In 1899, the muckraking journalist Vera Van Slyke debunked the Spiritualist medium Ludmila “Lucille” Prášilová at a mansion in Boston. In 1903, after the duo had become good friends, they returned to that mansion to rid it of ghosts. But that story is long enough to fill a book (hint hint).
Exhausted from that case, Vera and Lucille decide to relax on nearby Cape Cod. But it’s not long before they’re on the trail of ghosts again. The title of that investigation is “An Unanchored Man,” and it’s this month’s ghostly mystery.
“An Unanchored Man” is one of those chronicles that confuses me. While narrating the investigation, my great-grandaunt focuses on a retired sea captain named Henry Thorn Lord. He says he was on a ship called The Junior when the crew mutinied. This actually happened in 1857! This book recounts the mutiny, and this newspaper article specifies that Henry Thorn Lord was the ship’s second officer. Another verifiable fact related to the case is the pod of pilot whales (also called black-fish) beached on Cape Cod on 1902. But my ancestor also says the Cape Cod village where the ghost hunt took place is named Granger — and there is no Granger, Massachusetts. So how much truth is there in this tale?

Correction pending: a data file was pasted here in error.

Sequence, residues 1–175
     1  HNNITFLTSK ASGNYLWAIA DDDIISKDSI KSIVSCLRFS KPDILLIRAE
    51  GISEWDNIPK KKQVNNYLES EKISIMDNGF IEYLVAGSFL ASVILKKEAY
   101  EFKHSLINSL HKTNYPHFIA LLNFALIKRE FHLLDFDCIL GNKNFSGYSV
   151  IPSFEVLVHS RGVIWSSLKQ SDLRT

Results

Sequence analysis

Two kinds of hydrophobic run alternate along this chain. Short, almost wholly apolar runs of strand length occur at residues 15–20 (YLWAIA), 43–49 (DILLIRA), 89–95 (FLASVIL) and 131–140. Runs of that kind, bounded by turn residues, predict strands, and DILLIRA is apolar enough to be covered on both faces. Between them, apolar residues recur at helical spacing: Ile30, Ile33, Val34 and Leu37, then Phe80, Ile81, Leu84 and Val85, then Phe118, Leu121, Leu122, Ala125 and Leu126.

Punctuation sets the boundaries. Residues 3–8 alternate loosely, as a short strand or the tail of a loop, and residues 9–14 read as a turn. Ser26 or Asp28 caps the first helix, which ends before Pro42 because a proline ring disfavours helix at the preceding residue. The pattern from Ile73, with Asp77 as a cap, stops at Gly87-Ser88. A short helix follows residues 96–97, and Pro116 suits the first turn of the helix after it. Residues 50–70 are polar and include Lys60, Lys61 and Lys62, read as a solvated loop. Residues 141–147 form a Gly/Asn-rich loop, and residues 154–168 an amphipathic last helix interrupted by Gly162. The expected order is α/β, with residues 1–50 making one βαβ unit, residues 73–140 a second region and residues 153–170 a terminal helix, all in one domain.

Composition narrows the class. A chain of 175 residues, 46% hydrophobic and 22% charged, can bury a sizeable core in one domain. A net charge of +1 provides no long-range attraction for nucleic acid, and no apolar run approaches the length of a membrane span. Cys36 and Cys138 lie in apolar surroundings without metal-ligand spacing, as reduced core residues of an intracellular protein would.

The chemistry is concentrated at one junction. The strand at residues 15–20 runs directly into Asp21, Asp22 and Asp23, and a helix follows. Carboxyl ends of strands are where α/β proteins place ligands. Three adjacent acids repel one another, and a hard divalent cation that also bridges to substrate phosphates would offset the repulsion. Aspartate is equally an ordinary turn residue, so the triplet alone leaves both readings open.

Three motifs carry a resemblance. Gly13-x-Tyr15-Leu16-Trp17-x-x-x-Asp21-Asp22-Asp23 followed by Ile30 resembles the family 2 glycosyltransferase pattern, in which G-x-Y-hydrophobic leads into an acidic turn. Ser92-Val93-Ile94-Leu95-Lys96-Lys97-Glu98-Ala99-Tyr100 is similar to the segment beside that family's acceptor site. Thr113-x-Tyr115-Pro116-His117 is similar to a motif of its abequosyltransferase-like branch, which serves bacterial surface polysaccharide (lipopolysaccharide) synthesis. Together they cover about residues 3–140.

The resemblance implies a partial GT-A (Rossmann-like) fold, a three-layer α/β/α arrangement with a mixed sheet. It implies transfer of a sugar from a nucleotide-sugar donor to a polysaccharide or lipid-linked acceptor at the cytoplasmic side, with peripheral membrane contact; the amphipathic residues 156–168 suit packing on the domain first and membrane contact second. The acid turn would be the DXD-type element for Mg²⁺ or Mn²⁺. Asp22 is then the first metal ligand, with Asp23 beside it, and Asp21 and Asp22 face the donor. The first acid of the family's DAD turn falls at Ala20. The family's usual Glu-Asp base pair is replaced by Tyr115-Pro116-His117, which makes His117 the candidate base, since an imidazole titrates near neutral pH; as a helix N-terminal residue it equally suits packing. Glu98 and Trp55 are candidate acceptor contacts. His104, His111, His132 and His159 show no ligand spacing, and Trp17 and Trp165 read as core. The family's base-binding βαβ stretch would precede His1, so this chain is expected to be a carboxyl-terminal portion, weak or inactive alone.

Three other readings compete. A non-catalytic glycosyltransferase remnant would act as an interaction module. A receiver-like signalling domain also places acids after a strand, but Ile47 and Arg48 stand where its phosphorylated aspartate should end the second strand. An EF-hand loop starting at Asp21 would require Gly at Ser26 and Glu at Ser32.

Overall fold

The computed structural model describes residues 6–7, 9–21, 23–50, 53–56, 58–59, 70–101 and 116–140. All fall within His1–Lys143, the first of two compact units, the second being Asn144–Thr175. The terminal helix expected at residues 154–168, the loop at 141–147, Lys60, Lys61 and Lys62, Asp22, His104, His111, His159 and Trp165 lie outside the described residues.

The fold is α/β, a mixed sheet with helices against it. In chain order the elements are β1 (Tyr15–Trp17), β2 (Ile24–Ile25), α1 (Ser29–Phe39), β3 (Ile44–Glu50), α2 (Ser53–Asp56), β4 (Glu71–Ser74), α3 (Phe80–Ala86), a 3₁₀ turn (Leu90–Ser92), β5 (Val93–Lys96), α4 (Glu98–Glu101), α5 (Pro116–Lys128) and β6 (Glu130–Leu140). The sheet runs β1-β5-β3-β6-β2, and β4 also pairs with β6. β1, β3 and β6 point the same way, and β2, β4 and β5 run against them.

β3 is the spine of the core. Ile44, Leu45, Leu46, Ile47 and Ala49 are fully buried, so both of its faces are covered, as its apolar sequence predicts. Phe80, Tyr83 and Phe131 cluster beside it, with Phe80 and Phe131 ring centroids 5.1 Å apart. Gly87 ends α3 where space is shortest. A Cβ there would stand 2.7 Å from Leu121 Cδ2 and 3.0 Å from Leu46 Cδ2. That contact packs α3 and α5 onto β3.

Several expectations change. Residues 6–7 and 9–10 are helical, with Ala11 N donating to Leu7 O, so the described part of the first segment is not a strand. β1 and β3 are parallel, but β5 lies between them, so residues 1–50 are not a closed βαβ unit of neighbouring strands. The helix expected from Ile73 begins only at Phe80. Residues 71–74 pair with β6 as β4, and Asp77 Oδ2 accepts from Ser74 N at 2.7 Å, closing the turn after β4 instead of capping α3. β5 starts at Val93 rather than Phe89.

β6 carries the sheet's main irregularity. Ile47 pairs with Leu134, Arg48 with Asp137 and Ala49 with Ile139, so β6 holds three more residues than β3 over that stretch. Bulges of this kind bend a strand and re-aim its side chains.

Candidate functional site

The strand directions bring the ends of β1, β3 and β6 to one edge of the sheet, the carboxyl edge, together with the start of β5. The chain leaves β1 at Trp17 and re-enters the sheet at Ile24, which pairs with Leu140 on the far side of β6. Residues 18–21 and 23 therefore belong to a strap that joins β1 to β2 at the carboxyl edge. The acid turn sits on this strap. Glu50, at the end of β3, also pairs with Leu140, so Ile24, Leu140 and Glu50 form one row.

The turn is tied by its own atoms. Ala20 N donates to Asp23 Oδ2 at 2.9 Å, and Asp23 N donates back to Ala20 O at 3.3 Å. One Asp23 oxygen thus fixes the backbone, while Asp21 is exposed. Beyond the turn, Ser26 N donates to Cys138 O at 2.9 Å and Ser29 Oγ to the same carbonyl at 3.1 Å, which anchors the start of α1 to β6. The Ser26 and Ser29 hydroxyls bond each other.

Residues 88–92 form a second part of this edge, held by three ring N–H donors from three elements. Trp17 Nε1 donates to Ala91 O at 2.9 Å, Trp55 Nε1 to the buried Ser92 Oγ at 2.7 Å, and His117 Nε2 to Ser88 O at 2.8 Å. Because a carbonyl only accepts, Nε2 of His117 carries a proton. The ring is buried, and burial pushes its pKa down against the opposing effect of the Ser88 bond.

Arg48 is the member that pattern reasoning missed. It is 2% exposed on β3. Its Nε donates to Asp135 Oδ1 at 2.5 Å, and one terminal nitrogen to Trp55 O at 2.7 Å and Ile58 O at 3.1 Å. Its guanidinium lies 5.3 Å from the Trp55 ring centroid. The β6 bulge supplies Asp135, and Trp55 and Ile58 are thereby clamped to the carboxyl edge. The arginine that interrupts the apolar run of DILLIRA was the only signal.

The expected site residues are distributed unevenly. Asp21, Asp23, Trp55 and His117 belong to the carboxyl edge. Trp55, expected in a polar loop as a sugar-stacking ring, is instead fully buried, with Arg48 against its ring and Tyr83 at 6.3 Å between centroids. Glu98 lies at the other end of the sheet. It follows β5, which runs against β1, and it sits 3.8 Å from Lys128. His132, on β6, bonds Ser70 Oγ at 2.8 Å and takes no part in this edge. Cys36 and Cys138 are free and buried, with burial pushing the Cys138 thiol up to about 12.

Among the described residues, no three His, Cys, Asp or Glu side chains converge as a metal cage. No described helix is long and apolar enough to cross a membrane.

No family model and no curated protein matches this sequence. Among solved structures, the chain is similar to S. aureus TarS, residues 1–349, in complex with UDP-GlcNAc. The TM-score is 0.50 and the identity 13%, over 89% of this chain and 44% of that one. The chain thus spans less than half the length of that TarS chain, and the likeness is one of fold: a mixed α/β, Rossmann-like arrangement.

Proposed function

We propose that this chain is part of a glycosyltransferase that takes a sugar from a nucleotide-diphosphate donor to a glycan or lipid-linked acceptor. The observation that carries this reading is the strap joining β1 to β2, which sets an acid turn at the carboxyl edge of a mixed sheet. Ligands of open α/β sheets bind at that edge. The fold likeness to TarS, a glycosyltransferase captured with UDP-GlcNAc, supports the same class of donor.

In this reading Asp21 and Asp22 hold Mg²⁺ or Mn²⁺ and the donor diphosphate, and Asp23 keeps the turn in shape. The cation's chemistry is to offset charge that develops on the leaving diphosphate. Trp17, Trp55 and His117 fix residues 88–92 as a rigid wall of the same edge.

While I can’t solve that mystery, Vera Van Slyke certainly solves the mystery of the invisible marauders that have started ransacking the old captain’s cottage each night. (Then again, not all of the witnesses agreed with her solution.)
You’ll find a link to “An Unanchored Man” in .pdf, .epub and .mobi/Kindle formats on the Complimentary Haunting page.